It’s December and time for the many year-in-review articles. A recent AdWeek piece featured the 10 most watched ads on YouTube.

These aren’t just :15 or :30 second TV ads posted to YouTube. Some, like the most watched ad from India are longer form pieces created specifically for the Web. (Millennials and Gen Z watch a majority of their video on devices other than TVs.)

Some, like the Melissa McCarthy Kia ad, are funny. Some are serious. The Indian ad is touching. Check it out.


Seven Principles of Digital Marketing

  1. We don’t do digital marketing but rather, as the head of brand at P&G said, market in a digital world. Digital marketing should be fully integrated with traditional marketing.
  2. Marketing should be judged on its contribution to business goals such as leads, opportunities, lower customer acquisition costs, and revenue, and not just marketing campaign metrics like opens, shares, and time on page.
  3. The customer should be at the center of all marketing, rather than the product.
  4. Use digital programs to personalize delivery of the right message to the right audience (person) at the right time.
  5. Use data to optimize programs. As Deming said, “Without data you’re just another person with an opinion.”
  6. Bring an attitude of experimentation and constant improvement to the work. Recognize that what works for one industry, or company, or product, or audience, may not work for another.
  7. Be open to change, because what customers want and competitors are doing is likely to change increasingly frequently.

Southwest Airlines recently posted this promoted tweet:

Southwest tweet soliciting good flight experiences

This is a user generated content campaign. They can get countless impressions just by inviting people to share their stories and promising to retweet a few of them. And people did share, including the video in the center that used an app to add a goofy face to the speaker.

Several positive story tweets


Although I’ve seen user generated content campaigns from both B2B and consumer brands, and some considerably more elaborate than this (like entering a video in a contest), this kind of campaign can be risky. If Southwest had a lot of unhappy customers they may have taken the opportunity to tweet their displeasure. But I’m not seeing much of that.

I guess you don’t have to worry about that when you have the highest customer satisfaction rating in the industry.

Tomorrow evening I’m speaking to a class on social media marketing at Northeastern University in Boston. My news for them: sorry, but you’re late. The party’s over.

Brands can still use social media for connecting with influencers, social selling, and certainly for highly targeted paid ads (each platform has a different way to do that). But the idea of using social media for publishing and amplifying content is decreasingly relevant.

The average Facebook or Twitter post is only seen by 2 or 3 percent of a brand’s followers unless it gains considerable engagement. This week Snapchat announced that it’s dividing its Stories tab between friends-only and brands, sort of like Gmail’s Primary and Promotions tabs.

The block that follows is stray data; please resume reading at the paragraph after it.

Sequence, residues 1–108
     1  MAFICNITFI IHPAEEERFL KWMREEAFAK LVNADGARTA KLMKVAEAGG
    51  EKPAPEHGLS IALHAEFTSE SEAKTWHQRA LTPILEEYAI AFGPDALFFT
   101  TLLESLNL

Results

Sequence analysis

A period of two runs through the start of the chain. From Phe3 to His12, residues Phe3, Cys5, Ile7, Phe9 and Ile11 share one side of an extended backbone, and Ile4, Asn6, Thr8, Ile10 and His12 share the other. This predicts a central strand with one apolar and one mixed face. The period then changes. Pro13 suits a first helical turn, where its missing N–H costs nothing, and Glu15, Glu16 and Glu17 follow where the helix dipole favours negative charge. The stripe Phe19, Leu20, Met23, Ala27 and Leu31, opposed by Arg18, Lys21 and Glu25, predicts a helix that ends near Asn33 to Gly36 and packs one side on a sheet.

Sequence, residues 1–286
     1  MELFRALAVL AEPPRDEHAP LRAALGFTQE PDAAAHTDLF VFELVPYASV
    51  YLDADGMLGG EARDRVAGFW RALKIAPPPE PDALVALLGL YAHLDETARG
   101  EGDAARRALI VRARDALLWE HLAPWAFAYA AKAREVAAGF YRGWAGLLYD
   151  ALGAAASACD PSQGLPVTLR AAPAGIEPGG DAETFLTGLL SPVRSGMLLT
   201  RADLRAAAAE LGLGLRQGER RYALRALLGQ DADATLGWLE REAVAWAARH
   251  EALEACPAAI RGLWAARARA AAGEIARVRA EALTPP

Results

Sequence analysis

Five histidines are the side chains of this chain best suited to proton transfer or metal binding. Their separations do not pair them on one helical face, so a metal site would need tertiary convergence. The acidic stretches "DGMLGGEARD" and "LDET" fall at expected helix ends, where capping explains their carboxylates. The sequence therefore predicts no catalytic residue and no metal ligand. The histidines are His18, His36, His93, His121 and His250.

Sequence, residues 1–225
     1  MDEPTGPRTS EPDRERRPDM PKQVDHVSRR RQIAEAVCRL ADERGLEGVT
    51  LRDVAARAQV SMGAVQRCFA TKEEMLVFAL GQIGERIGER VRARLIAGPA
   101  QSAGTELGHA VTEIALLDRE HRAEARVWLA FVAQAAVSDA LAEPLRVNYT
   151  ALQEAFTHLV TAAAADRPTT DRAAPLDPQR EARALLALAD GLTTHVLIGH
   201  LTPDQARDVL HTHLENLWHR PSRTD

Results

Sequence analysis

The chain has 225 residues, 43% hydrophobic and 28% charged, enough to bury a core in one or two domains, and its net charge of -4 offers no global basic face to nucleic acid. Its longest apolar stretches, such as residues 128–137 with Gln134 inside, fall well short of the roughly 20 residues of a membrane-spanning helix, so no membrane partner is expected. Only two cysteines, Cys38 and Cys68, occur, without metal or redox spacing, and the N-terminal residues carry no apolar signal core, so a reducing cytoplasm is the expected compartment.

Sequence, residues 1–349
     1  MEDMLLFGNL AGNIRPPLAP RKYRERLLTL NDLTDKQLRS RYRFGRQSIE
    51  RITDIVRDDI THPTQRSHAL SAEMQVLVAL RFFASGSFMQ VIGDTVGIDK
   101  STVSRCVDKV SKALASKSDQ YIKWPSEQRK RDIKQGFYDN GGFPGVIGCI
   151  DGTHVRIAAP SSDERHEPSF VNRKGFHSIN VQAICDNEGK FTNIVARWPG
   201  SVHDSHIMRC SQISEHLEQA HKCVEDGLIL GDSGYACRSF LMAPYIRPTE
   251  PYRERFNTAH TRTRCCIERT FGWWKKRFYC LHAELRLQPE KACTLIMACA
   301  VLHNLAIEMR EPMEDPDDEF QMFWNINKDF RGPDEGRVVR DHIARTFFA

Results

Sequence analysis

People on social media are simply more interested in posts from people, not from brands.

And then I ran across this on Twitter, that well-known cesspool of bots and harassers (and bots who harass). A verified journalist with 50,000+ followers (97% real, according to Twitter Audit, which is the highest rate that I’ve ever seen) discovers that she can avoid harassment by changing her location to virtual Germany…

Tweets from journalist

Countless people have reported being harassed on Twitter. It’s clearly one of the biggest problems with the platform. Why doesn’t Twitter treat everyone like it treats Germans?

The trade show industry took a major hit with the advent of the Internet, and the 2002 recession was the final straw for some. COMDEX, the huge computer industry show that started in 1979, folded after the 2003 show.

The 2008-9 recession was another hit, but through 2016 the industry has had six years of growth since then.

And while COMDEX is gone, Salesforce’s Dreamforce alone draws over 170,000 people. The annual Mobile World Congress in Barcelona is attended by over 100,000 people. A dozen other U.S. shows cover more than 1 million square feet of space annually.

Trade shows draw a very industry-specific audience and can help a company…
• Build its brand by its mere presence
• Present (often with customers) to a relevant industry audience
• Give sales people and executives a venue to meet with customers and prospects
• Gain leads

Some tactics:
• Before the show sales people and executives should schedule as many in person meetings with customers and prospects as possible
• Email or mail attendees an offer before the show if you can get the list, otherwise use a list you built last year. Promote the offer prominently on social media and perhaps targeted ads, as well as your booth.
• Be active on the event’s social media conversation using its hashtag; use that to respond to posts from others and inform people of offers and your sessions (there were one million uses of the Consumer Electronics Show #CES2017 and @CES this year)
• Consider state-of-the-art exhibit techniques like AR and VR to wow people at your booth.
• Be sure to follow up promptly after the show to all new leads.

Of course your tactics and approach will vary depending on your goals.
Sales people tend to love trade shows, and companies can over-invest in them. After all, for a small company it can easily cost over $10,000 all-in to exhibit and travel, and during the show your people there are 95% unavailable for anything else. Bigger companies spend hundreds of thousands of dollars, if not millions, at a major show.